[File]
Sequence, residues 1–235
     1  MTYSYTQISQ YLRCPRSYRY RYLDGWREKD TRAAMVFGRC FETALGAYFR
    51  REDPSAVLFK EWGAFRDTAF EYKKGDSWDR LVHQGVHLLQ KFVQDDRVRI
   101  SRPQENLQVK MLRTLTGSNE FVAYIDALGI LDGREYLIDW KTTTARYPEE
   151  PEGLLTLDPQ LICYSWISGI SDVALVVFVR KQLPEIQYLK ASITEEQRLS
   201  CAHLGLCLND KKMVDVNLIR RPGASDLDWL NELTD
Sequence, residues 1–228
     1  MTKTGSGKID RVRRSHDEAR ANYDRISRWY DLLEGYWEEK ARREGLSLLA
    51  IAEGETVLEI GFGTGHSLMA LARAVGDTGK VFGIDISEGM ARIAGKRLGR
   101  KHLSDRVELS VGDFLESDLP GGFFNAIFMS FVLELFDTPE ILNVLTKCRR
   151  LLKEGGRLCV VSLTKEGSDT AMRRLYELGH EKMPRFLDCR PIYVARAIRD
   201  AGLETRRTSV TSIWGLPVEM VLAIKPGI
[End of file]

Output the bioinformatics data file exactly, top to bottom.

Sequence, residues 1–235
     1  MTYSYTQISQ YLRCPRSYRY RYLDGWREKD TRAAMVFGRC FETALGAYFR
    51  REDPSAVLFK EWGAFRDTAF EYKKGDSWDR LVHQGVHLLQ KFVQDDRVRI
   101  SRPQENLQVK MLRTLTGSNE FVAYIDALGI LDGREYLIDW KTTTARYPEE
   151  PEGLLTLDPQ LICYSWISGI SDVALVVFVR KQLPEIQYLK ASITEEQRLS
   201  CAHLGLCLND KKMVDVNLIR RPGASDLDWL NELTD
Sequence, residues 1–228
     1  MTKTGSGKID RVRRSHDEAR ANYDRISRWY DLLEGYWEEK ARREGLSLLA
    51  IAEGETVLEI GFGTGHSLMA LARAVGDTGK VFGIDISEGM ARIAGKRLGR
   101  KHLSDRVELS VGDFLESDLP GGFFNAIFMS FVLELFDTPE ILNVLTKCRR
   151  LLKEGGRLCV VSLTKEGSDT AMRRLYELGH EKMPRFLDCR PIYVARAIRD
   201  AGLETRRTSV TSIWGLPVEM VLAIKPGI